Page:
The Minerals Section
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Most people do not get enough chromium in their diet. In fact, up to 90 percent of the population may be deficient when it comes to this valuable, benefit-laden mineral. And this is understandable. To get the recommended 200 micrograms of chromium in a person's diet, an individual would have to consume up to 12,000 calories daily, according to the Department of Agriculture (an expensive proposition and one that would lead full-speed to morbid obesity).
Obviously, to get optimal levels of chromium in your nutrient intake, diet alone will simply not cut it. Supplementing with chromium is the only way.
Why should chromium be a top consideration in any health plan that strives to achieve maximum health? The answer is simple. Chromium has been shown to do the following: control insulin and normalize blood sugar levels (making it a diabetes fighter), lower bad cholesterol levels (LDL, or low density lipids), raise good cholesterol levels (HDL, or high density lipids), increase immune system functioning, reduce the incidence of heart disease, lower blood pressure, and even boost levels of DHEA.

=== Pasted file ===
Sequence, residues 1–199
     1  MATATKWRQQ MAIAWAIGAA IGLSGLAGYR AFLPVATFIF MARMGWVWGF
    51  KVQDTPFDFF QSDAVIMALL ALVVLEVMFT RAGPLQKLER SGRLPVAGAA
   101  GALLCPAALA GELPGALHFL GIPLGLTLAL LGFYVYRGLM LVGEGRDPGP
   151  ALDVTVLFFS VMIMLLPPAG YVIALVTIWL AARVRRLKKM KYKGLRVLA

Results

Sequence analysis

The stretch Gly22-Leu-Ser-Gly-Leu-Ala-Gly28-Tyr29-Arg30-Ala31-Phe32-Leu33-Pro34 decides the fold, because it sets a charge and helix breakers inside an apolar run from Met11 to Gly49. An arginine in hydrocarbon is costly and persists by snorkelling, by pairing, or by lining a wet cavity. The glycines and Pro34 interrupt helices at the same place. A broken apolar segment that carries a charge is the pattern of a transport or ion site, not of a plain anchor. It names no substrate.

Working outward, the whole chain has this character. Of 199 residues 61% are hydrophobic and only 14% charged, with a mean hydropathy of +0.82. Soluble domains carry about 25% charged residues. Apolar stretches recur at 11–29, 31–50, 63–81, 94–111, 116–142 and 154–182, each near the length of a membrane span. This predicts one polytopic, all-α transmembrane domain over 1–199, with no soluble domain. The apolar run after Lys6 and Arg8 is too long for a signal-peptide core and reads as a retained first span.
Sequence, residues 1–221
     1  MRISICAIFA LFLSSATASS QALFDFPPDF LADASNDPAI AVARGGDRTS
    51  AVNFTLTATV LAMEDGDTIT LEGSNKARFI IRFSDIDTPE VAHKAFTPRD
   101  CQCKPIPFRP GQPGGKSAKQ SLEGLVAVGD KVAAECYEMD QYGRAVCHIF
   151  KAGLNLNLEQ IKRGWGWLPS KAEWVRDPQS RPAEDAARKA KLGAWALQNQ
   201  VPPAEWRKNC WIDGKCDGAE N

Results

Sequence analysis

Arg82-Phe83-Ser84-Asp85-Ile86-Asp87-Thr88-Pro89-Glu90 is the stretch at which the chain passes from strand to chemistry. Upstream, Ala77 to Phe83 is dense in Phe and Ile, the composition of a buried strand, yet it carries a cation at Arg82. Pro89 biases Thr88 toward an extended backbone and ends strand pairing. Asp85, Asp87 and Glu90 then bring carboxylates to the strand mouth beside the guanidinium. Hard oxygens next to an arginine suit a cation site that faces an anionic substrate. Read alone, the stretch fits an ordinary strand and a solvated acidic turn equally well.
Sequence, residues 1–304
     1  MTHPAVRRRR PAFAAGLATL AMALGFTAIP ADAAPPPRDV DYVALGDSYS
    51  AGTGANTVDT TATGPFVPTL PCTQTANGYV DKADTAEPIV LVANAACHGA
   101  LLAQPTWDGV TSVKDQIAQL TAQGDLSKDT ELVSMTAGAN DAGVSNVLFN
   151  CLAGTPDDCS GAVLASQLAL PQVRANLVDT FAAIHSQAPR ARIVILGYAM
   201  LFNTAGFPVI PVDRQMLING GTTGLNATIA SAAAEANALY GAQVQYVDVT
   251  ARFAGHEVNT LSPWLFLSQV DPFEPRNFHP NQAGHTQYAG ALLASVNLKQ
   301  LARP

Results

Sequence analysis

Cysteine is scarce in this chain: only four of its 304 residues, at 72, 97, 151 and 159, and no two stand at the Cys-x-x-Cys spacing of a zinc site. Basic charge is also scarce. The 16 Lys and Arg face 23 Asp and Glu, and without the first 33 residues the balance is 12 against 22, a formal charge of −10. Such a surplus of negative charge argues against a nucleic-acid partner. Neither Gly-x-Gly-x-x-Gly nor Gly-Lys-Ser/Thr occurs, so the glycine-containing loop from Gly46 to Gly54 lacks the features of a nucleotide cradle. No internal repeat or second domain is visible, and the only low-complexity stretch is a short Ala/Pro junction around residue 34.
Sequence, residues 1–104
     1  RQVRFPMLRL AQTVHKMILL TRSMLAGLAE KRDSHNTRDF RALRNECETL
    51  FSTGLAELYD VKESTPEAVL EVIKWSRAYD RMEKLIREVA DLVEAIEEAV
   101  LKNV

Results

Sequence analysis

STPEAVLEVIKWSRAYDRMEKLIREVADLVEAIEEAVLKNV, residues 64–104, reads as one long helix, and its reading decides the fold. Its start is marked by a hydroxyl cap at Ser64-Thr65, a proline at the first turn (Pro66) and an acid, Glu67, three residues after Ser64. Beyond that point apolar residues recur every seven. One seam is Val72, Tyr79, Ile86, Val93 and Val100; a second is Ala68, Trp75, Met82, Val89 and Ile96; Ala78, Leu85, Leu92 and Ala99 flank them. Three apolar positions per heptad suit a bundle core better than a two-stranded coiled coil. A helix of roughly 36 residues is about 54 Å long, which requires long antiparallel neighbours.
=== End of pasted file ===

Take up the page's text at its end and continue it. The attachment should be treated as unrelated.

DHEA, or dehydroepiandrosterone, is a hormone with reputed longevity, antiaging properties. High insulin levels (which chromium has been shown to mediate) decrease the body's production of DHEA and, correspondingly, getting more chromium can result in higher DHEA production levels.
Chromium, part 2
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